Spot wants to see the retainer agreement. Apparently, though, there were just some verbal instructions:

After a night full of dreams, before dawn on November 11, 2008, before I woke up in the morning, the Almighty Eternal Creator ordered me, saying "You explain to them the consequences that follow each and all of their actions. Once they understand, they will listen!"

These two matters (gay-lesbian and abortion) are just a couple of many major cases where people are exercising their free-will rights for wrong purposes. This has gone on for a hundred-thousand years and has contributed heavily to extreme weather, global warming, financial crisis, recession, global hatred, lying, violence, war and murder, serious sickness and diseases - often for the purpose of gaining rights for wrong purposes, power and money.

Lotsa luck, Republicans in scraping these barnacles off your foundation.

Wednesday, November 19, 2008

Siggy fields a question from Curious

Dear Sigmund Spot,

If women are from Venus, and men are from Mars, are rightwingnuts really from Planet Denial, and just what [expletive deleted] solar system is that crazy place located in, anyway??!?


Liebe Curious,

Zis is more of za astronomical - or maybe za astrological - question zan za psychiatric vun. But za shrinks haf made za efforts, ja. You may recall za Crasier Frane, ach, Frasier Crane who asked za wingnut Cliff zis question:

Vut color is za sky in your vorld, Cliff?

Za Cliff's answer is not recorded. Other zan zat, Siggy cannot find anything in za psychiatric literature.

Zo ve vill speculate! Ja?

Zis Planet Denial is probably paired with za Planet Delusion vay za hell out zhere. Zis is probably a cold place vith very short days and nights, because zis planet spins wery fast and makes za inhabitants dizzy!

Siggy tinks zat za inhabitants of Planet Denial came from zome place else and don't vant to admit vhere zey are, even to zemselves.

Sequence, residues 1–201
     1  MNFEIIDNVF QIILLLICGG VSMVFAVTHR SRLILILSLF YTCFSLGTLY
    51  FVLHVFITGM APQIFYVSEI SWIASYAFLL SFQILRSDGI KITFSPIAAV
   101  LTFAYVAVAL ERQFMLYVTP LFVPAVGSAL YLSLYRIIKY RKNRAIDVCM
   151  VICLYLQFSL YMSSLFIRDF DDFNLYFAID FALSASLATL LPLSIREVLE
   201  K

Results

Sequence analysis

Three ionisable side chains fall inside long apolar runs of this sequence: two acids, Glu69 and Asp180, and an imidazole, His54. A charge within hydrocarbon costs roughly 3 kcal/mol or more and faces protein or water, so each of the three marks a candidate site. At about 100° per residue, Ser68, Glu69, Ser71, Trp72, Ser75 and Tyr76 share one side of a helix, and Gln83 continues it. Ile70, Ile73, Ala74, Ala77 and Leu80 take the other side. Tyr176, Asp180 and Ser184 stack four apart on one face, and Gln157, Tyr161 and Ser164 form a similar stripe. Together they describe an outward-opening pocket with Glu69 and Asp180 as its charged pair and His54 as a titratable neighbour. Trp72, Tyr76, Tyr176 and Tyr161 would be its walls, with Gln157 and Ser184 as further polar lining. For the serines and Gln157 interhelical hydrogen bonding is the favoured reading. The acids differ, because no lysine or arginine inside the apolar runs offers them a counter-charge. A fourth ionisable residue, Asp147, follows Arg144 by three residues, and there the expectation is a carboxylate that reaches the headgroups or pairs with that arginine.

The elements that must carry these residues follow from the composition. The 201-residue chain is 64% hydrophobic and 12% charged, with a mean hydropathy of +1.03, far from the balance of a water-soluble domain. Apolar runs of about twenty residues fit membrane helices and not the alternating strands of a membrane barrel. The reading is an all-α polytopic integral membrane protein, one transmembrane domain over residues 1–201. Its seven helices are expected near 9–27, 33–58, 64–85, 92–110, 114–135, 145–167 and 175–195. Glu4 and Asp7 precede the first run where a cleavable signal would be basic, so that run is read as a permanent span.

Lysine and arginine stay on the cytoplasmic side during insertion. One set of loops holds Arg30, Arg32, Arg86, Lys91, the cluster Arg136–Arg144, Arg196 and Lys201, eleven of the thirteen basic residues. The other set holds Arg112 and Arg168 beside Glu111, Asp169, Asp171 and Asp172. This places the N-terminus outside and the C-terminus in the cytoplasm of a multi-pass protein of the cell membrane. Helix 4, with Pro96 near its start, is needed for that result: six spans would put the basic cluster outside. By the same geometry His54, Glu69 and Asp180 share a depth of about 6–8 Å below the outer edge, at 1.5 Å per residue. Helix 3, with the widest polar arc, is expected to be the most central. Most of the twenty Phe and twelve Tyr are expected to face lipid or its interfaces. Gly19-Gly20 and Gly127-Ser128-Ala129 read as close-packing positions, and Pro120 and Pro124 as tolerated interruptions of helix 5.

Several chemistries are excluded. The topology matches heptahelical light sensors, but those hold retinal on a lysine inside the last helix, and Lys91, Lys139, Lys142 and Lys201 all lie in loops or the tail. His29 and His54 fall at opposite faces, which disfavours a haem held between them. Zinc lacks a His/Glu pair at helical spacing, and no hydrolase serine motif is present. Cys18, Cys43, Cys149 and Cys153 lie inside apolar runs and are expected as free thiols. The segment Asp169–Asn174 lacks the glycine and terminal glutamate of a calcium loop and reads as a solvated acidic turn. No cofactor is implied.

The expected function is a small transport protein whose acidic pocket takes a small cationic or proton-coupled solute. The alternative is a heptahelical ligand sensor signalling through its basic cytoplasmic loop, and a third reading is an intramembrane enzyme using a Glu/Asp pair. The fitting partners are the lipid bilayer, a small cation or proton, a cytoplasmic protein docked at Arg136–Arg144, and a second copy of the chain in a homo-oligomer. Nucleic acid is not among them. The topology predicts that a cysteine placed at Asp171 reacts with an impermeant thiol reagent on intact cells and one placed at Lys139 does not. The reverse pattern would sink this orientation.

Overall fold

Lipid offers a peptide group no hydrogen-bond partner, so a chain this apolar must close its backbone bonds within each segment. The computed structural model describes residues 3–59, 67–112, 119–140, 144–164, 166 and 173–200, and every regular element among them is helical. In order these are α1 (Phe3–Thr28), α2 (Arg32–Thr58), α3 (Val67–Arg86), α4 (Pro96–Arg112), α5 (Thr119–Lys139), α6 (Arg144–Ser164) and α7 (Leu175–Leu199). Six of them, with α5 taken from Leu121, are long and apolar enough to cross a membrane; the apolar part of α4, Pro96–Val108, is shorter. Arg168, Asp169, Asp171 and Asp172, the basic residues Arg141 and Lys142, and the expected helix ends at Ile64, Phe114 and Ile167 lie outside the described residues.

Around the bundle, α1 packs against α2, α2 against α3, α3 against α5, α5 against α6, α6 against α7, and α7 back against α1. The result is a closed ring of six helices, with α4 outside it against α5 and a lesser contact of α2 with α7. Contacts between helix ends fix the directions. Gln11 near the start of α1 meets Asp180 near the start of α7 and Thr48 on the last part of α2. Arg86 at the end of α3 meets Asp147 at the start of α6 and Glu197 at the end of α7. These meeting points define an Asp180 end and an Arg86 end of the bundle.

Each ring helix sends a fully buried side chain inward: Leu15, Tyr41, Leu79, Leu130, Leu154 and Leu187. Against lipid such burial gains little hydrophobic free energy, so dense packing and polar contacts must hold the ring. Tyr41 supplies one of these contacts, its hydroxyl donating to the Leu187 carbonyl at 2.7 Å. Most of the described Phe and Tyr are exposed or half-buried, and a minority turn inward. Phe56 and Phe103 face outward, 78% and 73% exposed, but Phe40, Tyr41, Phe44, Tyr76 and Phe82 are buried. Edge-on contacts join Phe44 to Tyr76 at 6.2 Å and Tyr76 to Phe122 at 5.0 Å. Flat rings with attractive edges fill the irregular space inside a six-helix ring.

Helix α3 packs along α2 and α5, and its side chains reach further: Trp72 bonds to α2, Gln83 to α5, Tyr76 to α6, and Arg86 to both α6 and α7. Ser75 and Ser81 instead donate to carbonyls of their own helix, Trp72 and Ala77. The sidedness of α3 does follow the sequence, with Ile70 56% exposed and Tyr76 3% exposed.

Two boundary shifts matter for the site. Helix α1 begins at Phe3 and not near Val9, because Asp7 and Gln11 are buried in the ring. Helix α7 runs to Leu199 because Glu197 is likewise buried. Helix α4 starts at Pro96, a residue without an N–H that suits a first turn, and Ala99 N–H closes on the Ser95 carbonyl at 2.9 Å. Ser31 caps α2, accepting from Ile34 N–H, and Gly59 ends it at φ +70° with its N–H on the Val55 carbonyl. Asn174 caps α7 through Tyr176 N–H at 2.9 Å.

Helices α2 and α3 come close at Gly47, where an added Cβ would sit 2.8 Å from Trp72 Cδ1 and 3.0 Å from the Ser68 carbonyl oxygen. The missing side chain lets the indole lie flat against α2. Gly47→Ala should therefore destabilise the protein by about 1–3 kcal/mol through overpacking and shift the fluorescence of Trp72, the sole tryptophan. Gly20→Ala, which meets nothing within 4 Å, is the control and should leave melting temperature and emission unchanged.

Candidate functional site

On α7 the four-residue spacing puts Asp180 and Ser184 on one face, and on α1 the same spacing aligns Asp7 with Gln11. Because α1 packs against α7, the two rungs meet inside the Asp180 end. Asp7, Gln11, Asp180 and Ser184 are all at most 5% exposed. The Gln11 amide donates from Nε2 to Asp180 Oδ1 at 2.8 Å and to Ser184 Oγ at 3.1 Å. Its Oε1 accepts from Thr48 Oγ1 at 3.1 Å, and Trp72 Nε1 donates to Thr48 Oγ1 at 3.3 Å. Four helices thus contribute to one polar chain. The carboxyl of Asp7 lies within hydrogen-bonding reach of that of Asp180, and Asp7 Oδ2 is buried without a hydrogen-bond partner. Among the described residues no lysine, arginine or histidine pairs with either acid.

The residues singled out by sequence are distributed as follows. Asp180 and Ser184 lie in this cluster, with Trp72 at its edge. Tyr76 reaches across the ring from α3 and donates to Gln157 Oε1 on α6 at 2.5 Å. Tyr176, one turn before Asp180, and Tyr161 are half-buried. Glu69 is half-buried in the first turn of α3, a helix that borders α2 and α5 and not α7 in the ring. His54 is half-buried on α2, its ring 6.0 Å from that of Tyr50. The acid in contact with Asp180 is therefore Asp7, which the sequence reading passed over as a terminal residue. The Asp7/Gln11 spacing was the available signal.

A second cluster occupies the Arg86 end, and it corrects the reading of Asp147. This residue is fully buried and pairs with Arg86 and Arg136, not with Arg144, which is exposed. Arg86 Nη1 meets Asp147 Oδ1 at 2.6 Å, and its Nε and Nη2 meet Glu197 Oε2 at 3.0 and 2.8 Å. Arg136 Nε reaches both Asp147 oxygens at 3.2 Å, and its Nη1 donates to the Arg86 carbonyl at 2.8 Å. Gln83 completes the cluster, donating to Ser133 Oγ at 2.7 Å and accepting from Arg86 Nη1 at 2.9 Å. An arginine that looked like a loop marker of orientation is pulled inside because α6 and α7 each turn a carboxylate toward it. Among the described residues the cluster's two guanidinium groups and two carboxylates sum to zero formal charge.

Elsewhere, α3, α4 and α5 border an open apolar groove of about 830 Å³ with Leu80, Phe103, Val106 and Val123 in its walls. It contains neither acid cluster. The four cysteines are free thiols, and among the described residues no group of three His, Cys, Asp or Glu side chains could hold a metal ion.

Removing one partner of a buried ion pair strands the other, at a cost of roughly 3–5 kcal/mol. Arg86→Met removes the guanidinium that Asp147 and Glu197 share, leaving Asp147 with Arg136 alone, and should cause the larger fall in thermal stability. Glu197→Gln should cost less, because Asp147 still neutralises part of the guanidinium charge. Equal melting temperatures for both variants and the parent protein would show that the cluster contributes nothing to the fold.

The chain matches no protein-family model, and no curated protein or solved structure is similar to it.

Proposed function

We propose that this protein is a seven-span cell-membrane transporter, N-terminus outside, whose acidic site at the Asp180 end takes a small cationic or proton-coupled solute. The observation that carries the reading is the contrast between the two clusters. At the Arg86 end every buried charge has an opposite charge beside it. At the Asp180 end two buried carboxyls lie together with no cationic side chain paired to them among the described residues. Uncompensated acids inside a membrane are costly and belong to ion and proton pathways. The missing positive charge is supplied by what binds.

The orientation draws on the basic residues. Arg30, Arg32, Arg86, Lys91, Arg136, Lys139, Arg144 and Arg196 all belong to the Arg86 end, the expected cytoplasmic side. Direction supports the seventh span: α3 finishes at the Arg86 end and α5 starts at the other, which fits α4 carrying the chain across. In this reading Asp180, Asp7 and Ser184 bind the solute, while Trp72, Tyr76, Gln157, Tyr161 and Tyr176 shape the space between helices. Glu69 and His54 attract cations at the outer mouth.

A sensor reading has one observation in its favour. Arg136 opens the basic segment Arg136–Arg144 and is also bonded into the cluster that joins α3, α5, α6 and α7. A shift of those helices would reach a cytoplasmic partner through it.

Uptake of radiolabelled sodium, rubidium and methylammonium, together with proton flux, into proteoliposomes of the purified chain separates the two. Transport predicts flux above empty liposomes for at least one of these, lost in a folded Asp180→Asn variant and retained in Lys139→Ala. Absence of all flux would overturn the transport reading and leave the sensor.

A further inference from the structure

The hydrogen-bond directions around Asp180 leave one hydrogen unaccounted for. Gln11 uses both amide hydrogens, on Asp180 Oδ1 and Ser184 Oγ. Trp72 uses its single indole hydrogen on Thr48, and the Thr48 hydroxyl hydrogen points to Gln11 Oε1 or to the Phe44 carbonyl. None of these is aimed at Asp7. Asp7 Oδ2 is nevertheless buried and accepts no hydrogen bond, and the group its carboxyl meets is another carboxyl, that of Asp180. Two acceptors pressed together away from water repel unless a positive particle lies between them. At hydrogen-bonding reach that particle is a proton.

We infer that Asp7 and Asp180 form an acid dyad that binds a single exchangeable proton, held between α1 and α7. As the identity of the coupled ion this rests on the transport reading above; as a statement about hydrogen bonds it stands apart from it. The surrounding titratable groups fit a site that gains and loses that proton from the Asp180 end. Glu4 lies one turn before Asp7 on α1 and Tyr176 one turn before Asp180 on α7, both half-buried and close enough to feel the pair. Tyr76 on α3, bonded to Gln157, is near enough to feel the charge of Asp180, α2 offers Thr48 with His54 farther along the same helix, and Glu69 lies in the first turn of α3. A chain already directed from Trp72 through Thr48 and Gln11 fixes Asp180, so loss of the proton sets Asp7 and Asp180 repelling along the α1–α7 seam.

Siggy also tinks he heard zat za National Review was going to take za cruise zhere zometime.

More zan zat, Siggy cannot zay.

Zincerely, Siggy

The daughter of a lioness

Spot knew that Eva's mother was ill and battling cancer. It has been a shadow on Eva's spirit since Spot has known her. Rebecca Young died yesterday.

Eva talked a little about her Mom, but it was not until Eva posted the memorial linked above that Spot knew how honestly Eva comes by her love of and savvy for politics and policy.

Losing a parent is horrible and wrenching; there is no path around the grief. Hold up your Dad, Eva, for his desolation is even greater than yours.

Peace and condolences.

DL: High Holy Day Observance

Spotty, I thought that the High Holy Days were in September and October.

Ah, grasshopper, you have the wrong liturgical calendar for Drinking Liberally.

The third Thursday in November - always in time to lay in a supply for Thanksgiving - is the release day for the year's Beaujolais Nouveau.

Holy Mackerel, Spot! That's tomorrow!

Right you are, grasshopper.

We'll see if we can sneak a bottle or two past John and Alisha; an eagle-eyed bunch, but we'll see what we can do.

Remember, boys and girls, Drinking Liberally in the Twin Cities meets regularly on Thursday nights, six to nine or so, at the 331 Club in northeast Minneapolis.

Update: Beaujolais Nouveau is, by the way, a great pairing with the Thanksgiving bird.

Tuesday, November 18, 2008

Dear Sigmund Spot,

Based on a question from TwoPutt Tommy this afternoon, and Spot's reply to it, it occurs to Spot that it might be a helpful service to you, boys and girls, to have Sigmund Spot occasionally answer your questions about right wingers.

Siggy is a cranky old fart; he probably won't answer all your questions, and he'll probably only answer questions of a general nature and not ones related to any particular winger. But you never know.

Want to get some ideas about dealing with the winger in-laws over the holidays or the drooling bigot at work? Ask Sigmund Spot.

Zo, or rather so, fire away. Siggy will undoubtedly be moved to answer the more intriguing questions. Send you questions to blogspotdog at so they can be forwarded to Siggy. Inquiries may be made in confidence with confidence.

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Playing lawyer games